src/Doc/Tutorial/Inductive/Mutual.thy
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(*<*)theory Mutual imports Main begin(*>*)

subsection{*Mutually Inductive Definitions*}

text{*
Just as there are datatypes defined by mutual recursion, there are sets defined
by mutual induction. As a trivial example we consider the even and odd
natural numbers:
*}

inductive_set
  Even :: "nat set" and
  Odd  :: "nat set"
where
  zero:  "0 \<in> Even"
| EvenI: "n \<in> Odd \<Longrightarrow> Suc n \<in> Even"
| OddI:  "n \<in> Even \<Longrightarrow> Suc n \<in> Odd"

text{*\noindent
The mutually inductive definition of multiple sets is no different from
that of a single set, except for induction: just as for mutually recursive
datatypes, induction needs to involve all the simultaneously defined sets. In
the above case, the induction rule is called @{thm[source]Even_Odd.induct}
(simply concatenate the names of the sets involved) and has the conclusion
@{text[display]"(?x \<in> Even \<longrightarrow> ?P ?x) \<and> (?y \<in> Odd \<longrightarrow> ?Q ?y)"}

If we want to prove that all even numbers are divisible by two, we have to
generalize the statement as follows:
*}

lemma "(m \<in> Even \<longrightarrow> 2 dvd m) \<and> (n \<in> Odd \<longrightarrow> 2 dvd (Suc n))"

txt{*\noindent
The proof is by rule induction. Because of the form of the induction theorem,
it is applied by @{text rule} rather than @{text erule} as for ordinary
inductive definitions:
*}

apply(rule Even_Odd.induct)

txt{*
@{subgoals[display,indent=0]}
The first two subgoals are proved by simplification and the final one can be
proved in the same manner as in \S\ref{sec:rule-induction}
where the same subgoal was encountered before.
We do not show the proof script.
*}
(*<*)
  apply simp
 apply simp
apply(simp add: dvd_def)
apply(clarify)
apply(rule_tac x = "Suc k" in exI)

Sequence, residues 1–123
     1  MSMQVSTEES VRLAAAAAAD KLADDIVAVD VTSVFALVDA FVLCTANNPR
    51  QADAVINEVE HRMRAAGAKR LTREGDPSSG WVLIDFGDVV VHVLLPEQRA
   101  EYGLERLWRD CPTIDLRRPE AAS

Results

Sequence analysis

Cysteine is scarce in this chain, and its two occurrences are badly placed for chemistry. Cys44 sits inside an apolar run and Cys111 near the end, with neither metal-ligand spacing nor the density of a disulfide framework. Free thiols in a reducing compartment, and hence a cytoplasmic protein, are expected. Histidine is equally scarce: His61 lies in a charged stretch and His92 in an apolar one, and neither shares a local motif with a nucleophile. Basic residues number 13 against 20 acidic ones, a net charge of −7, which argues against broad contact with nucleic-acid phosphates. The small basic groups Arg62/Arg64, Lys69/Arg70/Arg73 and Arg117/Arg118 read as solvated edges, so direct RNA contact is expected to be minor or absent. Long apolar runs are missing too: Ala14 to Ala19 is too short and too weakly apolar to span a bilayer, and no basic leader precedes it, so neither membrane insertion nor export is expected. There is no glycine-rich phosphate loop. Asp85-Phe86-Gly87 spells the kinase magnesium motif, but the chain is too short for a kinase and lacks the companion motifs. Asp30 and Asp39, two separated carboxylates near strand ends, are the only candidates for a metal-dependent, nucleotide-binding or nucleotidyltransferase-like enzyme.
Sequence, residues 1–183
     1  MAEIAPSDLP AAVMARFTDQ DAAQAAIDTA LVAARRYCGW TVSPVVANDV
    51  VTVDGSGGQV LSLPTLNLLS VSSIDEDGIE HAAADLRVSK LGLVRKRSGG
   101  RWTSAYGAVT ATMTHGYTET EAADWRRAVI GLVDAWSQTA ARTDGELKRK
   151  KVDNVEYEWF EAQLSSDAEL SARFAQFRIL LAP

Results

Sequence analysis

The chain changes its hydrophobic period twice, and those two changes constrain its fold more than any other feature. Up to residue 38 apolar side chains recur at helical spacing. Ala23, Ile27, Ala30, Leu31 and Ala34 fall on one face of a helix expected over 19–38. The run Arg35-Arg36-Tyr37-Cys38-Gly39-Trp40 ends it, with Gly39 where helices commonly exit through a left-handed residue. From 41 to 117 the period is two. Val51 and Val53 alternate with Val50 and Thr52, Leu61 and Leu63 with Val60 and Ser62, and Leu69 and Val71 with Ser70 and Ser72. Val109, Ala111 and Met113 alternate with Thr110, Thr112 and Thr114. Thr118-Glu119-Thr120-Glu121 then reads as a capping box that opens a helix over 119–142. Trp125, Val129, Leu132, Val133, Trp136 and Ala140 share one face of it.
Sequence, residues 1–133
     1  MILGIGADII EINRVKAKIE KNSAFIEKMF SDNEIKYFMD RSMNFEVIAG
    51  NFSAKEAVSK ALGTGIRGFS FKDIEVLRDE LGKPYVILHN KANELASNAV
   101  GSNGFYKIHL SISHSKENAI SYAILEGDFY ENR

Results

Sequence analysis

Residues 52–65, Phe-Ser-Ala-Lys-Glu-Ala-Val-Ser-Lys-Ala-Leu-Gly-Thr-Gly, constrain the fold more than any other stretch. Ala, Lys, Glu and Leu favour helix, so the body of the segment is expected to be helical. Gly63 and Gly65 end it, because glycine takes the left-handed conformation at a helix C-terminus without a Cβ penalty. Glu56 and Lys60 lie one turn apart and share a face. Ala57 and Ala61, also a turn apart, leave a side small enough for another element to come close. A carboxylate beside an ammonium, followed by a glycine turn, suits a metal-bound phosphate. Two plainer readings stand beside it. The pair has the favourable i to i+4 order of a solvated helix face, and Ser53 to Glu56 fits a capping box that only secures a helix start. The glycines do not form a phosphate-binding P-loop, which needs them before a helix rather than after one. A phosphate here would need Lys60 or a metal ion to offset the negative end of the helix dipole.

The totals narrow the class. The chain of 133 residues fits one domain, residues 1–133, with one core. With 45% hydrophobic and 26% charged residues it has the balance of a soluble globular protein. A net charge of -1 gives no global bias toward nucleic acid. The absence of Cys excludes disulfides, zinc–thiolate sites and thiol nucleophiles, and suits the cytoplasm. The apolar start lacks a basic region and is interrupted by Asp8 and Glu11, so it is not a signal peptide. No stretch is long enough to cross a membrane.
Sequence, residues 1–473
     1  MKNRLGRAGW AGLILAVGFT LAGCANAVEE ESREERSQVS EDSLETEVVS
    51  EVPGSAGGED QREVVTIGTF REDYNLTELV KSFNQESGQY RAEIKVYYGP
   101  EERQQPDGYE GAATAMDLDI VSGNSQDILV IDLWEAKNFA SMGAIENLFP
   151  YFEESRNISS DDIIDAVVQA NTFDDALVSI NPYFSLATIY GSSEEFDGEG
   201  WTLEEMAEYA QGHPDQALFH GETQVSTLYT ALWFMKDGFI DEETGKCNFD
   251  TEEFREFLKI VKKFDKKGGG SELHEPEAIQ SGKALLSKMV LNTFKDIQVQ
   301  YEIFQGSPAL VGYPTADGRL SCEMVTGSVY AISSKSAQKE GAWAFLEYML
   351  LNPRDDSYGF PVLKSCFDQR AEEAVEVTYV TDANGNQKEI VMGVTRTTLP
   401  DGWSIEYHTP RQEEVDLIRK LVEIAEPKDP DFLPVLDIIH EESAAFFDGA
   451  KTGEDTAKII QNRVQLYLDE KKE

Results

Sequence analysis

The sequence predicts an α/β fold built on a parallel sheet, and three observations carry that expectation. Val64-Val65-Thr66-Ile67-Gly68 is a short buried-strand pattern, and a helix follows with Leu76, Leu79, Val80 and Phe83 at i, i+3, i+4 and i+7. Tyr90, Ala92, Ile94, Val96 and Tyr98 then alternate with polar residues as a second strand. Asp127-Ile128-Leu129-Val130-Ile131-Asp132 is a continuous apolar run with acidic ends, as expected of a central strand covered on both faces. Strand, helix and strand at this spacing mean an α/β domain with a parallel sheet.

apply simp
done
(*>*)

subsection{*Inductively Defined Predicates\label{sec:ind-predicates}*}

text{*\index{inductive predicates|(}
Instead of a set of even numbers one can also define a predicate on @{typ nat}:
*}

inductive evn :: "nat \<Rightarrow> bool" where
zero: "evn 0" |
step: "evn n \<Longrightarrow> evn(Suc(Suc n))"

text{*\noindent Everything works as before, except that
you write \commdx{inductive} instead of \isacommand{inductive\_set} and
@{prop"evn n"} instead of @{prop"n : even"}.
When defining an n-ary relation as a predicate, it is recommended to curry
the predicate: its type should be \mbox{@{text"\<tau>\<^sub>1 \<Rightarrow> \<dots> \<Rightarrow> \<tau>\<^sub>n \<Rightarrow> bool"}}
rather than
@{text"\<tau>\<^sub>1 \<times> \<dots> \<times> \<tau>\<^sub>n \<Rightarrow> bool"}. The curried version facilitates inductions.

When should you choose sets and when predicates? If you intend to combine your notion with set theoretic notation, define it as an inductive set. If not, define it as an inductive predicate, thus avoiding the @{text"\<in>"} notation. But note that predicates of more than one argument cannot be combined with the usual set theoretic operators: @{term"P \<union> Q"} is not well-typed if @{text"P, Q :: \<tau>\<^sub>1 \<Rightarrow> \<tau>\<^sub>2 \<Rightarrow> bool"}, you have to write @{term"%x y. P x y & Q x y"} instead.
\index{inductive predicates|)}
*}

(*<*)end(*>*)